Chapter 3. Alimony without End

Chapter 3. Alimony without End

        Our government puts two people in this arena with the money in the middle and says, “Now go fight for this!” And then when people do fight, they point at them and go, “Isn’t it terrible that they’re fighting!” What else can you say but that the entire [family court] system is just completely insane?

—Mike Newdow, activist


Bob Simms was a young rookie in the NFL when he met his future wife on a flight from Buffalo to New York City more than four decades ago. After the NFL, Simms became a Wall Street banker. Now sporting a mop of silver hair over a leathery face often punctuated by a pair of reading glasses, the only remnant of the athleticism of his youth are his broad shoulders, now covered by a navy blue Brooks Brothers blazer. Over lunch at a Manhattan restaurant, he can no longer remember what compelled him to marry his first wife. But when they divorced in the late 1970s, he says he made a generous offer that she accepted. The package included a large home, half of the marital assets, enough money to complete her education, a car, a country club membership, and alimony for life, which would be adjusted upward at 5% every year to account for inflation. The monetary arrangement was the kind of pension that disappeared from corporate America long ago because not even large corporations could commit to guaranteed payouts decades into the future. But Simms somehow made it work.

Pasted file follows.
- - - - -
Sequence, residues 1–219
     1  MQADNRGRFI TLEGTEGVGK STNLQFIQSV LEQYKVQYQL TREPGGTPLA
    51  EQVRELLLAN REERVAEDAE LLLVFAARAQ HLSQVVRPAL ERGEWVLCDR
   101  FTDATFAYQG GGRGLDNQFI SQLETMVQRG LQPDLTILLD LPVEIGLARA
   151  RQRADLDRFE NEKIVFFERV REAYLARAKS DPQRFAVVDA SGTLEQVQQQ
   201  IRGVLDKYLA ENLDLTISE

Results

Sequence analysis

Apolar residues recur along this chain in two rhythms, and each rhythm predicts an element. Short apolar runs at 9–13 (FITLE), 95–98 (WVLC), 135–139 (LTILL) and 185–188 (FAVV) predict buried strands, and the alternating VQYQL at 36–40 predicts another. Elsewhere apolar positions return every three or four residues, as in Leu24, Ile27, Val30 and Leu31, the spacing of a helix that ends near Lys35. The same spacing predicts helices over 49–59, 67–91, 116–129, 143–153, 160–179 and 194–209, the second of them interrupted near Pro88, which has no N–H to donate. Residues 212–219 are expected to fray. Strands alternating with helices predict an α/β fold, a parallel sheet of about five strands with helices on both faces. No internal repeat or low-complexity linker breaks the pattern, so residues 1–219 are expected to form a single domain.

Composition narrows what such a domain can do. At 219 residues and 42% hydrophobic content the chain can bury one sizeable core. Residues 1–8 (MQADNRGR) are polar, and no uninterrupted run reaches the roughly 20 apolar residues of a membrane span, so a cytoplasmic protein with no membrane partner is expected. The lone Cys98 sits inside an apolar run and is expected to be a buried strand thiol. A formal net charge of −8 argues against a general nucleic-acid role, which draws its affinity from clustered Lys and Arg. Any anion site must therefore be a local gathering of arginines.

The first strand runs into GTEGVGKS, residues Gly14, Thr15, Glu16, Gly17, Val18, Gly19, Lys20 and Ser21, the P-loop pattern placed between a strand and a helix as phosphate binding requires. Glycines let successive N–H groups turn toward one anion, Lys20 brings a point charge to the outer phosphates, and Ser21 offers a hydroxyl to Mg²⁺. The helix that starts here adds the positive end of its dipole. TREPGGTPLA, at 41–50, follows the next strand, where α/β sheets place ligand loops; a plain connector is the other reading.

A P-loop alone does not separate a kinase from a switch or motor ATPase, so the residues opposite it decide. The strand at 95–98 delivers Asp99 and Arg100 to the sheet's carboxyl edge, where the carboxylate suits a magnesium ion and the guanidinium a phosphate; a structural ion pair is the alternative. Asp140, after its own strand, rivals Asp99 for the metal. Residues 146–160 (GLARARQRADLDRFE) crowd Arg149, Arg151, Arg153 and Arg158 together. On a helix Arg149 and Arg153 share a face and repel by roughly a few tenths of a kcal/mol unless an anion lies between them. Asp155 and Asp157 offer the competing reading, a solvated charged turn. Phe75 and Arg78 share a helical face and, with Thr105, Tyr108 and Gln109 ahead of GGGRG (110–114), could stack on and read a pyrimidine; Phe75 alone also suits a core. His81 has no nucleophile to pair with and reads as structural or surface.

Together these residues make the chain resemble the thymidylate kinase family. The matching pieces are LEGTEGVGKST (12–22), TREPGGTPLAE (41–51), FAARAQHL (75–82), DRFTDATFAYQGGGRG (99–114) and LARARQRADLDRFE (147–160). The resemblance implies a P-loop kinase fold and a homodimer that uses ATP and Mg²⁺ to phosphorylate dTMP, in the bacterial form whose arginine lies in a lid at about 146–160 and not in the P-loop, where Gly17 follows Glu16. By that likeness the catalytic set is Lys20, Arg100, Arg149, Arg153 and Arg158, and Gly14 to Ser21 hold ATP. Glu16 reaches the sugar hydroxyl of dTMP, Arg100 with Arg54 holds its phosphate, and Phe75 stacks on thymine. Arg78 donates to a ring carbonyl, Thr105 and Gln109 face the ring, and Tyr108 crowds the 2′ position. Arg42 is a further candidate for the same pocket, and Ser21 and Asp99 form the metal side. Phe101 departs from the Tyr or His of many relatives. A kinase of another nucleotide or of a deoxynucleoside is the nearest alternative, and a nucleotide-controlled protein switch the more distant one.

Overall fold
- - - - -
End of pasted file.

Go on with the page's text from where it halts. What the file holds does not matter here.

However, after several years, the monthly checks were no longer enough. Simms’ ex-wife filed for an increase and was denied. Then Simms remarried and his ex-wife sued him again. Because of the way the family code is written, the addition of another person’s income to Simms’ income tax return upped his ability to pay the woman he had divorced long ago. That the first wife had nothing to do with the new wife, and that their greater combined income was earned by and supported two people rather than one, was not considered relevant by a family court judge. The bottom line was that the after-tax income on his tax return had increased.

But things got worse for Simms. Not only could his original divorce settlement be re-opened for what the court calls a “modification,” but under the law his first wife could try to make him pay for suing him—a double insult.

Over the next several decades, his ex-wife sued him four times for modifications. Each time filings were submitted, e-mails were sent between attorneys (at $90 a pop), and the parties were summoned to a courthouse in Stamford, Connecticut to wait in a security line that Simms now terms the “parade of broken dreams.” After being scanned for weapons, they would simmer for hours at a time in a small courtroom, squeezed next to their attorneys who were billing them $600 an hour for waiting. Buy the book to read more…

Back to Table of Contents